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After Yang

"Atmospheric, gentle and languid"

★★★★ - STUFF 

- Sci-fi-infused family drama shows Colin Farrell's more sensitive side - 

This understated little sci-fi infused family drama presents a very different side of Colin Farrell.

After two recent larger-than-life performances in The Batman and TV’s The North Water, this sees the charismatic Irishman deliver a far more introspective and poignant turn as a father desperate to save a beloved member of his whānau.

Evoking memories of A.I., Ex-Machina, Her, Blade Runner 2049 and Lars and the Real Girl, Korean director Kogonada’s (Apple TV+’s Pachinko) adaptation of Alexander Weinstein’s 2016 short story Saying Goodbye to Yang tugs at the heartstrings from the first frames and draws you into its mysteries and Farrell’s character’s quest to try and find a way to repair his “robotic child”.

A constant companion for Jake (Farrell) and Kyra’s (Jodie Turner-Smith) adoptive daughter Mika (Malea Emma Tjandrawidjaja), Yang (Justin H. Min) has also helped her to connect with her Chinese heritage.

While tight finances meant he had to be purchased as “certified refurbished” from re-sellers Second Siblings, rather than new, direct from Brothers & Sisters Incorporated, that’s never been a problem – until now.

After an impressive performance in their monthly global dance off with 30,000 other families, Yang failed to start up the next morning. With Mika now refusing to go to school, Jake is left with no choice but to abandon his tea shop for the day and try to get him fixed. However, his original place of purchase is now a fish shop and repairers Quick Fix’s $250 diagnostics reveal a core malfunction. Their technician unhelpfully suggests the only option left available to Jake is recycling.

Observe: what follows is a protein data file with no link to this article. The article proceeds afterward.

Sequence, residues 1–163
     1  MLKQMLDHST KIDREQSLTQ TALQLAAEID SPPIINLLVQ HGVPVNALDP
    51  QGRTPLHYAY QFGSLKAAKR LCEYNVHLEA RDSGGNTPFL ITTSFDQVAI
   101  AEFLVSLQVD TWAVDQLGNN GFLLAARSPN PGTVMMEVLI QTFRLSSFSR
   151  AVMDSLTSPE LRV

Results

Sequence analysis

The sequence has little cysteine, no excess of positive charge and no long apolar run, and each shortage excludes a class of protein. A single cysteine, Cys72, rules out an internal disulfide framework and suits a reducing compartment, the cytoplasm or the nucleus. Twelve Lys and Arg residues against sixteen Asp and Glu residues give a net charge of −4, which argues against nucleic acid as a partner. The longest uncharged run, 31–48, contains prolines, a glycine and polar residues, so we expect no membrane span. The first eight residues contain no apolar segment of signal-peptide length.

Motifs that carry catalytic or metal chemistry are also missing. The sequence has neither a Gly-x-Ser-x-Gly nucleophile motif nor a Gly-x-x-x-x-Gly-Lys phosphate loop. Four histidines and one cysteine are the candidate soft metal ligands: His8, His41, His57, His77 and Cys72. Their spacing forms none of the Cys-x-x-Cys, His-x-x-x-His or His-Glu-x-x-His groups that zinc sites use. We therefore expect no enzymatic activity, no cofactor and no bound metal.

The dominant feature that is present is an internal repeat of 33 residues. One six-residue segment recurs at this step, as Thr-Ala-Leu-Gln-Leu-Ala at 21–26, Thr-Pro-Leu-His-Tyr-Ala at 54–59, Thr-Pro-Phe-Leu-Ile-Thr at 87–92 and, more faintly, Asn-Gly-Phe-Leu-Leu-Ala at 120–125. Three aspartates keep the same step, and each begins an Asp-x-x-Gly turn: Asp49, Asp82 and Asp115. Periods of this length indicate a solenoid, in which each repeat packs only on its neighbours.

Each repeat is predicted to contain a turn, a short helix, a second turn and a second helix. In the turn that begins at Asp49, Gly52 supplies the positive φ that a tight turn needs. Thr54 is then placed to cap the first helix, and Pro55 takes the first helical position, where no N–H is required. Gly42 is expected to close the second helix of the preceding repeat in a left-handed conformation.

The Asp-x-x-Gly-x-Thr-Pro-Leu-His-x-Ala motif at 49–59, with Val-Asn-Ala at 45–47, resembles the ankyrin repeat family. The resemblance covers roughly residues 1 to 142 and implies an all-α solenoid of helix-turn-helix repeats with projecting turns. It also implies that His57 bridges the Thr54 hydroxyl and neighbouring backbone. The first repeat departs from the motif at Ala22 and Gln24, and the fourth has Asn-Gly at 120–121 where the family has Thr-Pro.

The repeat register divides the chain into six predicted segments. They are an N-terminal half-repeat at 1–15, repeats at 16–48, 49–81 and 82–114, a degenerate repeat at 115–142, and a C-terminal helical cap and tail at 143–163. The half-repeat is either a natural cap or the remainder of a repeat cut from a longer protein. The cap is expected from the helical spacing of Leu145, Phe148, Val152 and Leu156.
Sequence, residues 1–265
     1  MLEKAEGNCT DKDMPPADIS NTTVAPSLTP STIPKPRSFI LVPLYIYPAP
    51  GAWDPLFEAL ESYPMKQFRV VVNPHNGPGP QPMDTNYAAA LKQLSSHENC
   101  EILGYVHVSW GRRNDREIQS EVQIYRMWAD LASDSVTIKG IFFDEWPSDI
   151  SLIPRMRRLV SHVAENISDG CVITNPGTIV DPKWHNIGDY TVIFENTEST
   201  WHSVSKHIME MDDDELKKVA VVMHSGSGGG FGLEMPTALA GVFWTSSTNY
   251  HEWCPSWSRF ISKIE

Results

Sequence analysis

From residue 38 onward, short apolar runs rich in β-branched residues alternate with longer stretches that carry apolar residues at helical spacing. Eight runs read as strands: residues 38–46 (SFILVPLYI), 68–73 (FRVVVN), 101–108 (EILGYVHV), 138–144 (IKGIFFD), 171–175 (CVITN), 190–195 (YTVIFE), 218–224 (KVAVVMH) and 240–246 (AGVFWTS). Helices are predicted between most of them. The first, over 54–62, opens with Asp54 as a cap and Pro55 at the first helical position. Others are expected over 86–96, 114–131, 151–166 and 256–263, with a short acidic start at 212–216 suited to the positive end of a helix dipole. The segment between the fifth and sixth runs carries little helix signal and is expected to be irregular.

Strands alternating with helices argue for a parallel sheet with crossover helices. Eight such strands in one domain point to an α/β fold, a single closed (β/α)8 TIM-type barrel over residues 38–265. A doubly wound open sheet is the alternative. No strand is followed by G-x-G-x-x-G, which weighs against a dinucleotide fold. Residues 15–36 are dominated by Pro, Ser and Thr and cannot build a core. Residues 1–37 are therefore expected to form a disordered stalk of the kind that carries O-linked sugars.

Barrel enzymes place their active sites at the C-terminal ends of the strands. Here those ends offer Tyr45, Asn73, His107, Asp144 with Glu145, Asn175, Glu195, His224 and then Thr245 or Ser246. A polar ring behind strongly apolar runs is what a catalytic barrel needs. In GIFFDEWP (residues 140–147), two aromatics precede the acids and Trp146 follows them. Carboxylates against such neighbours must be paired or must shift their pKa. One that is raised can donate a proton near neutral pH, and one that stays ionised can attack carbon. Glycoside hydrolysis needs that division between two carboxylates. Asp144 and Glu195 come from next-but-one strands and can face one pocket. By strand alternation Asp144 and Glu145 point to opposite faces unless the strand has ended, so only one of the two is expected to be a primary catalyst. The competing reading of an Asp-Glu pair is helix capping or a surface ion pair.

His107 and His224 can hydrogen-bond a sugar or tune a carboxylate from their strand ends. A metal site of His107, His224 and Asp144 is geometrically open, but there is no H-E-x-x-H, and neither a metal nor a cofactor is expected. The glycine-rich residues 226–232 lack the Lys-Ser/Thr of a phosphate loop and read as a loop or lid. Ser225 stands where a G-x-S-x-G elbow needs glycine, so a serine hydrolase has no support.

Despite it being potentially against the law, Jake takes his neighbour’s advice and meets with a technician named Russ (Ritchie Coster). After an internal examination reveals a camera, Russ warns against recycling due to the data Yang will have on Jake and his family, and suggests taking him to the local museum and “technosapien” specialist Cleo (Sarita Choudhury). To Jake’s shock, not only can she access Yang’s memories of his family, but also his previous owner (Haley Lu Richardson) – a young woman Jake becomes determined to track down.

Atmospheric, gentle and languid, rather than propulsive, After Yang is very much a meditation on the human condition. Despite the sci-fi trappings, it’s a story about going back to basics and reconnecting with your family. Kyra believes they have become over-reliant on Yang and need to take a more hands-on approach to parenting Mika, while Jake muses about how a cup of tea can “contain a world” and “transport you to a place and time”. “There’s not just flavour in aroma – there’s also history,” he says.

It’s not as “touchy-feely” as that sounds though. The cast and Kogonada ensure sentimental schmaltz never holds sway here, the performances and story grounded in emotional reality and the elegiac atmosphere enhanced greatly by a terrific score that includes a theme composed by Oscar-winning legend Ryuichi Sakamoto (Merry Christmas Mr Lawrence).

- James Croot, STUFF

After Yang is now playing at Light House Cuba


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